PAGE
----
Paddle Canada’s opinion on PFD usage

First, a bit of the back story… For the past few months, Bob Purdy from Paddle for the Planet and Stefan Idzan from Kelowna have been leading a grassroots push to change Transport Canada’s PFD laws for stand up paddle boards.

Reason being is that current Transport Canada regulations, in a nutshell, state that a stand up paddler must have an approved PFD attached to their board or wear an approved PFD while on the water, with no mention of a leash.

Bob and Stefan have been petitioning loudly on this matter, as they strongly feel that Transport Canada should recognize the wearing of either a leash, or a PFD should be the choice of the paddler depending on conditions:

The wording of the regulation has resulted in the common practice of SUP board users placing a PFD on the top surface of their board simply to appease law enforcement. Paddle for the Planet views this practice as being unsafe for the reason that the effectiveness of the PFD is negated due to the fact that the user is not required to be attached to the board holding the PFD and is at risk of becoming separated from both the board and the PFD if the user falls in the water.

Paddle for the Planet is spearheading an effort to have the Canadian Marine Advisory Council (CMAC) and Transport Canada recognize the use of a standard surf-style board leash as a suitable substitute safety device for the current PFD requirement as it provides the user with a readily accessible, inherently buoyant safety device that reduces the likelihood of personal injury or death in a manner that exceeds the level of safety afforded to the user under the current requirement of a PFD (worn or not) and no board leash.


Stefan has also compiled a research brief demonstrating the leash as a reasonable alternative safety device to the PFD. Check it out here, definitely a worthwhile read.

So back in September, after receiving a number of emails from concerned stand up paddlers agreeing with Bob and Stefan’s position, Transport Canada requested the advice of Paddle Canada, a Canadian kayaking and canoeing organization.

After consulting their community of kayakers and canoeists, Paddle Canada’s governing board chose to ignore Bob and Stefan’s findings and formed the opinion that stand up paddlers should wear PFD’s at all times Click here to read the document detailing Paddle Canada’s opinion.

In fact, Paddle Canada’s board even went so far as to say “We feel that the combination of the two (PFD and the paddleboard leash) normally represents the safest overall option, given the risks of this rapidly growing paddle sport”… But that’s a whole other argument best left for another time.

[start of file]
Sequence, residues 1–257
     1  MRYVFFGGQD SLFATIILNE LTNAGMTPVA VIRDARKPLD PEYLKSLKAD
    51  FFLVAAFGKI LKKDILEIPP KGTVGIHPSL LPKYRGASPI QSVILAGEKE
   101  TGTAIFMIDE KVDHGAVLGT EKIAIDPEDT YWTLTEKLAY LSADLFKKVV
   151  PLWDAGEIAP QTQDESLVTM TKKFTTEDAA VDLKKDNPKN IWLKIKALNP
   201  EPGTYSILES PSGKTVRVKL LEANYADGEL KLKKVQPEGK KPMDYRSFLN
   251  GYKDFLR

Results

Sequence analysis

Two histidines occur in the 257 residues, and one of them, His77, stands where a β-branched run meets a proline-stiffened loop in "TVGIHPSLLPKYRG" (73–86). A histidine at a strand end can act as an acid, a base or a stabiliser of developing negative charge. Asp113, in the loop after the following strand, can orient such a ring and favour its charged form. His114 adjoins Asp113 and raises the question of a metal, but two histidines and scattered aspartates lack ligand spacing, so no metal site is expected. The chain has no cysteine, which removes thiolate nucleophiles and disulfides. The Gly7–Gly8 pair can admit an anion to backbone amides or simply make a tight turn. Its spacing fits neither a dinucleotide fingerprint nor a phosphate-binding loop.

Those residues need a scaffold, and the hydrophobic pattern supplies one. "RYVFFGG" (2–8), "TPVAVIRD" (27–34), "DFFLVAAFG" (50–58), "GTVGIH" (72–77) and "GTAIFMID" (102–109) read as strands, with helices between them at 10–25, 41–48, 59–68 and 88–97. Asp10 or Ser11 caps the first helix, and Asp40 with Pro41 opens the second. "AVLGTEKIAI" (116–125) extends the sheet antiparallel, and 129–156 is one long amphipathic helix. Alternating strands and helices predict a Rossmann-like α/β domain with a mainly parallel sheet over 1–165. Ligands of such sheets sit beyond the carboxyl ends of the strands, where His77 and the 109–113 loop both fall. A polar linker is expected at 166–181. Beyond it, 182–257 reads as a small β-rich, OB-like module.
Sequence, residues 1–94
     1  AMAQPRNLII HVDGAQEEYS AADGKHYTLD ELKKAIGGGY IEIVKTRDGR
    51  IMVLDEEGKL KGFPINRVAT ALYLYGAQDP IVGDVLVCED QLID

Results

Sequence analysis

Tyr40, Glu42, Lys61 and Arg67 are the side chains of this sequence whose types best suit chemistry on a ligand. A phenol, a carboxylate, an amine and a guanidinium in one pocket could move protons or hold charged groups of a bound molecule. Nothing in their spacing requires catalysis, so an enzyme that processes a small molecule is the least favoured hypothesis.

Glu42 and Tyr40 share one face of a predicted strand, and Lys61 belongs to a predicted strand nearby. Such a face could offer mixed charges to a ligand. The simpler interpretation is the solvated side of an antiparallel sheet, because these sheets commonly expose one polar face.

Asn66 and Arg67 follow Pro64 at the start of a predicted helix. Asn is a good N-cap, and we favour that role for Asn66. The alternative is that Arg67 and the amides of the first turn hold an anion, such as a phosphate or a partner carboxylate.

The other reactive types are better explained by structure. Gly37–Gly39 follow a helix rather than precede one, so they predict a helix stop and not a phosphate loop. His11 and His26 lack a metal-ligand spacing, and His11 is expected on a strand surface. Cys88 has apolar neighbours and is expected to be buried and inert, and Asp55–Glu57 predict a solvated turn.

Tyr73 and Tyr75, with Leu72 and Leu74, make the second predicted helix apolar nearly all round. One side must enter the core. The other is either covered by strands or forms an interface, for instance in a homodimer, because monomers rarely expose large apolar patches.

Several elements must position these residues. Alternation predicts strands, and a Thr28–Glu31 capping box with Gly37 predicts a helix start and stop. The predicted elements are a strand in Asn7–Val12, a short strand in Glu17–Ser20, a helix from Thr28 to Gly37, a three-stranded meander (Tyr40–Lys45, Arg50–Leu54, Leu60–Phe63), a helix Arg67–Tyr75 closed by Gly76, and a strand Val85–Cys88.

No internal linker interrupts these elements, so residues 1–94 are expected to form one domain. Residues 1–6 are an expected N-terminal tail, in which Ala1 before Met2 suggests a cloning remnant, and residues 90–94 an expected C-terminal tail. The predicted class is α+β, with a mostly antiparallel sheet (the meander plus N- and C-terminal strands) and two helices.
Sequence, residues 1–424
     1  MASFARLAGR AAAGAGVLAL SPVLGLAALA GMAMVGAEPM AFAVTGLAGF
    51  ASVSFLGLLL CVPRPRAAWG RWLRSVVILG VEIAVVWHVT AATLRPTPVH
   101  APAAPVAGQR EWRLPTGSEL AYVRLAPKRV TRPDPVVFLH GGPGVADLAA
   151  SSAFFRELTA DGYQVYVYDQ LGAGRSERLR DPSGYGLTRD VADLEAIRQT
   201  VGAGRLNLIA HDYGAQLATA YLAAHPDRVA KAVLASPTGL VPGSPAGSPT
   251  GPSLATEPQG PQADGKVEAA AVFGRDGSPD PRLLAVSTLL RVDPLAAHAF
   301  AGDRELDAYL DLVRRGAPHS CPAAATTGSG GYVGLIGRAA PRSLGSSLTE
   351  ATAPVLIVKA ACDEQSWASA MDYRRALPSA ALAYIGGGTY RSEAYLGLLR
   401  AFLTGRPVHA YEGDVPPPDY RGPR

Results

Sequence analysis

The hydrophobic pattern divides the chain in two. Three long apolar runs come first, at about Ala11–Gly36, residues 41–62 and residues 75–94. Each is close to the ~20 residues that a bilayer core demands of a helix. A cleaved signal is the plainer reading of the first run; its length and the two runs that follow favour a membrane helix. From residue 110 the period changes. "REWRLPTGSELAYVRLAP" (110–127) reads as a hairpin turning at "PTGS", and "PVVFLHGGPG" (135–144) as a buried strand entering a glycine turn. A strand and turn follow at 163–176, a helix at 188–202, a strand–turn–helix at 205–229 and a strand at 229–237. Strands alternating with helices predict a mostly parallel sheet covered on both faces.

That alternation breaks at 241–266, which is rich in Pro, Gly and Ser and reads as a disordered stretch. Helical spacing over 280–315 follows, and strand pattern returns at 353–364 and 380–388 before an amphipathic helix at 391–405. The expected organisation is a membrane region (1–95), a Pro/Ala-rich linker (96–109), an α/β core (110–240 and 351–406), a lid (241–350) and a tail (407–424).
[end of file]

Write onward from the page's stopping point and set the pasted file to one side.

So from here, Transport Canada will be making a decision on the matter sometime soon but it’s not too late for your voice to be heard.

To the casual observer, this might all seem like a minor point, but PFD usage is a major issue for stand up paddleboard enthusiasts.

Here are a few more of the hot topics:

  1. Stand up paddleboarding involves a significant amount of cardio work, and wearing a PFD makes for a sufficiently awkward and uncomfortable experience.
  2. While waist pack inflatable PFD’s are a legal and a reasonably comfortable option, arguments can be made to show that a simple leash is a superior safety device. Why bother with the added complexity and considerable cost ($100+) of an inflatable PFD, when a $20 leash can be shown to be just as, and even more effective than an inflatable PFD?
  3. If you were to fall off your board in windy conditions, where would you rather be… Connected to your board, or bobbing in the ocean wearing a PFD with your board nowhere in sight?
  4. Paddle Canada’s take on the matter… “PC requires that PFD’s are worn for all paddling programs including SUP.” (Source). This blanket statement applies ALL programs, including surf.  If you’ve ever surfed, you know this is a ridiculous implication and seems to illustrates Paddle Canada’s inexperience with surfing oriented sports.

You CAN make a difference here. Through this grassroots effort, Bob has managed to gather attention and start the dialog, and it’s now up to us to ensure fair and reasonable regulations are set in place to help grow this sport in the right direction.

Please post up here in the comments section, and be sure to visit and tell Transport Canada know how you feel about this issue! And while you’re at it, get in touch with Paddle Canada to give them your thoughts on PFD/leash usage.


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